Laying Down the Einstein's Laws

I just got the January 2007 issue of Physics Today, and it has an interesting letter by Richard Kadel of Lawrence Berkeley labs:

Since my undergraduate days, I have been puzzled by the fact that we have Newton's laws of motion but only Einstein's theory of special relativity... It's time to rename it as more than just a theory.

I propose that we, as physicists, define a set of Einstein's laws, just as we have Newton's laws, Coulomb's law, or Faraday's law.

To paraphrase, the laws he proposes are:

* Einstein's First Law. The laws of physics are the same for all observers no matter what their velocity is, as long as they are not accelerating.
* Einstein's Second Law. The speed of light in a vacuum is the same for all observers.
* Einstein's Third Law. The total energy of a body with momentum p and mass m is (m2c4 + p2c2)1/2.

The third law implies that a body at rest (p = 0) has energy mc2 and that a massless body such as a photon (m = 0) has energy pc, which in turn implies that light carries momentum. These three laws capture the essence of the special theory of relativity. To rope in the general theory, too, we might add:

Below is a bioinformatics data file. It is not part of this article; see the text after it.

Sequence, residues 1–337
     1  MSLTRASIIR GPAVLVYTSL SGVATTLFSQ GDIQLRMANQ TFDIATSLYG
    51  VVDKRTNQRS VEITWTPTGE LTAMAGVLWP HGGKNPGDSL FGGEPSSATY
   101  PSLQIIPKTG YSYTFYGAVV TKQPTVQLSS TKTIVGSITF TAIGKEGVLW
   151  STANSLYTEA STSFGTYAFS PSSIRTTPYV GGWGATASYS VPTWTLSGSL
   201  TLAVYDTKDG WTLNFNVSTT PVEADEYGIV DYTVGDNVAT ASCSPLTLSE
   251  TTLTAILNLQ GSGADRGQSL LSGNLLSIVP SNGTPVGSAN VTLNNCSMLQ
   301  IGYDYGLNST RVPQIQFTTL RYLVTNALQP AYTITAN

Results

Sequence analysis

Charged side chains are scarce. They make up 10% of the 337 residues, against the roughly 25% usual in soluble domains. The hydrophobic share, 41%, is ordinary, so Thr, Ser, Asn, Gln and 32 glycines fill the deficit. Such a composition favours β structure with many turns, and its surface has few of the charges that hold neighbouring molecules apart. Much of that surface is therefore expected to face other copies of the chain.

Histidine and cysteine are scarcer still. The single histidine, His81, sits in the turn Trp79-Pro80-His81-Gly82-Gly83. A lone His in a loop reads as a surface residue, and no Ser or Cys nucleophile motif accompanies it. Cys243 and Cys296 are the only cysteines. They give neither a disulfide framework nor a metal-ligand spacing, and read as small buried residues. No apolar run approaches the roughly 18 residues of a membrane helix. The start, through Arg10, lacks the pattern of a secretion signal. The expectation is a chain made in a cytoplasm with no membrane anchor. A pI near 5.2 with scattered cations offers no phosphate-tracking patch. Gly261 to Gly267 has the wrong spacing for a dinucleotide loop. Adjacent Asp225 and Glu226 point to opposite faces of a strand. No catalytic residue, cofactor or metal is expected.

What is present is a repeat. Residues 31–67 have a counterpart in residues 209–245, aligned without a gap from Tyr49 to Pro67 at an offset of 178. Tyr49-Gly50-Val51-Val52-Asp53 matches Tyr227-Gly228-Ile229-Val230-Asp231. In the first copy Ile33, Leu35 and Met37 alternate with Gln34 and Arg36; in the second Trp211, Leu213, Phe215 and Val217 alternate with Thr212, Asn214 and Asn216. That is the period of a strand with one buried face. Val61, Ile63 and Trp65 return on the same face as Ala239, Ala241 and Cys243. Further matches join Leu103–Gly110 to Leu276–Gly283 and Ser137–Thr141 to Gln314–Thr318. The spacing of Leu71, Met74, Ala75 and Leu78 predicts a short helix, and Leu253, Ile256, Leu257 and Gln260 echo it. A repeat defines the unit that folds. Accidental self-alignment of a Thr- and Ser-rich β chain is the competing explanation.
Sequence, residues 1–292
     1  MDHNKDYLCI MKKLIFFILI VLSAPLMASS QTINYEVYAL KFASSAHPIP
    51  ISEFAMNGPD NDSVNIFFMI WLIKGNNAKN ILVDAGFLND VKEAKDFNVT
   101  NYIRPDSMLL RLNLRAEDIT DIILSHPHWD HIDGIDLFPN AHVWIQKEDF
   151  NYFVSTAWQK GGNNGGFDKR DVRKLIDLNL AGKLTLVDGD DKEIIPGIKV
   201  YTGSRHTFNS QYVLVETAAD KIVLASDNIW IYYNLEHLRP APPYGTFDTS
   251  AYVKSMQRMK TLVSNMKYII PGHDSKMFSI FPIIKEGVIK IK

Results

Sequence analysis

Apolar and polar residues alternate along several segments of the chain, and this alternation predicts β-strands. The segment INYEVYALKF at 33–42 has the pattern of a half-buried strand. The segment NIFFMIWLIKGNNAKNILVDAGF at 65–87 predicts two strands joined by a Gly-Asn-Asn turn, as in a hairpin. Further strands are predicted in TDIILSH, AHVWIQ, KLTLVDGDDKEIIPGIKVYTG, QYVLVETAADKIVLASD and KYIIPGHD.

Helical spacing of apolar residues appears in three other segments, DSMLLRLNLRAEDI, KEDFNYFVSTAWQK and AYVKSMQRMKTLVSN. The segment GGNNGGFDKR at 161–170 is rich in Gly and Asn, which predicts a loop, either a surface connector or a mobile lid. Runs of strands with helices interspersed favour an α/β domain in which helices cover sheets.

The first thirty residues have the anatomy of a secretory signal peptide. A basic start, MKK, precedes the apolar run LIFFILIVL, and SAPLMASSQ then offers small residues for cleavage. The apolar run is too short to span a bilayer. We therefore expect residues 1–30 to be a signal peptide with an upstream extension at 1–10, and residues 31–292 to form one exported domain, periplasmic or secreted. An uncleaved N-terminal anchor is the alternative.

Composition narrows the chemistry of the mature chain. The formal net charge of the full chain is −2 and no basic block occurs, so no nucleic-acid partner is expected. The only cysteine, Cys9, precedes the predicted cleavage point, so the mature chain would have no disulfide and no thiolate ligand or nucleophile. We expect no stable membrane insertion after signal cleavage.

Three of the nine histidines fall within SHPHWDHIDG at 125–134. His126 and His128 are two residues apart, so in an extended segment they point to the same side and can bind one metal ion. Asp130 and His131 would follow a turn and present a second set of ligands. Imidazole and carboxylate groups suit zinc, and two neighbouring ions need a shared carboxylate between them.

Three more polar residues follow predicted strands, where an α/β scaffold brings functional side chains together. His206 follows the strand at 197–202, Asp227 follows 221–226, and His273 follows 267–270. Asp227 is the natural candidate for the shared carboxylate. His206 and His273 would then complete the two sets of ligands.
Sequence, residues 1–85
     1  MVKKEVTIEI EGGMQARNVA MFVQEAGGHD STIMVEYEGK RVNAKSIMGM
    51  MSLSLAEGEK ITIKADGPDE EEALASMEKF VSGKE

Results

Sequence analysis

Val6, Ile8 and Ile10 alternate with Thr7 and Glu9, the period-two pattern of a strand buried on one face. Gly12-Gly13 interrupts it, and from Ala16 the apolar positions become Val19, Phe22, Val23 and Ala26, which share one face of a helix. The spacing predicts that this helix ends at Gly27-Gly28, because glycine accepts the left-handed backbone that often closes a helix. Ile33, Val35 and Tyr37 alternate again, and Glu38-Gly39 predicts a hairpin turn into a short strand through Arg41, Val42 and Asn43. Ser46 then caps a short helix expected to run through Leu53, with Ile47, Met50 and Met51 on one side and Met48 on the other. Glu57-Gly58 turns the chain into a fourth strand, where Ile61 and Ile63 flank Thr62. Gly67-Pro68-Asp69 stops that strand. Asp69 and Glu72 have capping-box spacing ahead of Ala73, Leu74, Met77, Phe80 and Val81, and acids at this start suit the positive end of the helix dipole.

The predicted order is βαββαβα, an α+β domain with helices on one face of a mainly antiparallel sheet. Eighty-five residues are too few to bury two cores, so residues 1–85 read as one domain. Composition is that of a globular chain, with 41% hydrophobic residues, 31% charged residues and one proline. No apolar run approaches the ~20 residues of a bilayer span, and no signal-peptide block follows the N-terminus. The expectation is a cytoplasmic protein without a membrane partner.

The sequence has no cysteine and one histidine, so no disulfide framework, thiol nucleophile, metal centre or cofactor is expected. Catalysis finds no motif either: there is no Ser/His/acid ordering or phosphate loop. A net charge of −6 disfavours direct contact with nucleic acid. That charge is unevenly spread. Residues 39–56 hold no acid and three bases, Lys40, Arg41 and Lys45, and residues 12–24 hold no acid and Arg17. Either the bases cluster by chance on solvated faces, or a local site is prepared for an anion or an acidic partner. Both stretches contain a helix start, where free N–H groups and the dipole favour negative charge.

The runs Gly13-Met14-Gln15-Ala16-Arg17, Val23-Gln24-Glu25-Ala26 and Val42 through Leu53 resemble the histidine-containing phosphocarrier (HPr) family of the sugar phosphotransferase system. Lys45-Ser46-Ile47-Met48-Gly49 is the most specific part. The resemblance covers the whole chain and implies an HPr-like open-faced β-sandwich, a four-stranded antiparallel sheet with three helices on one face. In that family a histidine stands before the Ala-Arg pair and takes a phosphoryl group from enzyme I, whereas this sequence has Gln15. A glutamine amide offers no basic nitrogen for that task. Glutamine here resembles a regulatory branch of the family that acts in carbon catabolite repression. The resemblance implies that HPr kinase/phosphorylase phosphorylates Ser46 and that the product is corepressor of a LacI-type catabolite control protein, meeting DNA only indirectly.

* Einstein's Fourth Law. No observer can tell the difference between acceleration and the force of gravity based on local measurements.

The general theory is so rich that it's hard to know what else to include.

Other folks have proposed a similar set of laws (see, for example, http://www.geocities.com/ciencia_farma/nat_laws.htm). Please let me know of any other prior art. And please let me know if you can come up with phrasing as elegant as the classic formulation of Newton's third law: "For every action there is an equal but opposite reaction."

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